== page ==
• Employed full-time if they usually work 35 hours or more a week (in all jobs).
          • Employed part-time if they usually worked less than 35 hours a week (in all jobs).
          • Unemployed actively seeking full-time work in last 4 weeks.
          • Unemployed actively seeking part-time work only in last 4 weeks.

          Labour force status is categorised as: employed full-time, employed part-time, unemployed looking for full-time work, unemployed looking for part-time work, not in the labour force.


          Status in employment

          This item refers to a respondent's position in relation to the main employment (job) in the enterprise in which he or she works and is determined the following criteria:
          • whether a person operates his/her own economic enterprise or engages independently in a profession or trade, and hires one or more employees;
          • whether a person operates his/her own economic enterprise or engages independently in a profession or trade and hires no employees; . whether a person works for a public or private employer and receives remuneration; and
          • whether a person works in an economic enterprise operated by a relative without remuneration.
            Four output categories are available:
            • Employee: A person who works for a public or private employer and receives remuneration in wages, salary, a retainer fee by their employer while working on a commission basis, tips, piece-rates or payment in kind, or a person who operates his or her own incorporated enterprise with or without hiring employees.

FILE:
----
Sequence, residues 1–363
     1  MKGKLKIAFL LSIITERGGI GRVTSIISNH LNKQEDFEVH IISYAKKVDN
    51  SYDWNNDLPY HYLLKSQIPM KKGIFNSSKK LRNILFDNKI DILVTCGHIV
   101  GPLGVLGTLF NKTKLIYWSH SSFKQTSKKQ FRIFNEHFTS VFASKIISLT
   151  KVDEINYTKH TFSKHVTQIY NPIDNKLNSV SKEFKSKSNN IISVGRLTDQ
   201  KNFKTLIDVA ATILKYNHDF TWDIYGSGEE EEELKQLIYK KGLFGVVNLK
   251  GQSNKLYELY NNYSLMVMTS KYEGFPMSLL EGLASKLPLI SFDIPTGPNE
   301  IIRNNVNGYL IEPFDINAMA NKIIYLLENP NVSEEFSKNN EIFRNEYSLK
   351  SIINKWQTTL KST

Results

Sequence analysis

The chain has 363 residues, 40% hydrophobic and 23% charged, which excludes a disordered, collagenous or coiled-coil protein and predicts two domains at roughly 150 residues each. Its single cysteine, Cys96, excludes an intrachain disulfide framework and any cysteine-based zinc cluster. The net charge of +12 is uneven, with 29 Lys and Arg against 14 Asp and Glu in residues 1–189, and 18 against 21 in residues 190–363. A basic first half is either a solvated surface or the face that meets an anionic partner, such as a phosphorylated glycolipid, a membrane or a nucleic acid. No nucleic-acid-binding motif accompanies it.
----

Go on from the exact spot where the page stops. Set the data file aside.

• Employer: A person who operates his or her own unincorporated economic enterprise or engages independently in a profession or trade, and hires one or more employees.
            • Own Account Worker: A person who operates his or her own unincorporated economic enterprise or engages independently in a profession or trade and hires no employees.
            • Contributing Family Worker: A person who works without pay in an economic enterprise operated by a relative.

            This information was not collected in sparse NHS(I).


            Working arrangements

            This item refers to the working or payment arrangements of the respondent in their current main job.

            Data are recorded as reported by respondents against the following categories: Unpaid voluntary work; Contractor/sub-contractor; Own business/partnership; Commission only; Commission with retainer; Family business without pay; Payment in kind; Paid by piece/item produced; Wage/salary earner; Other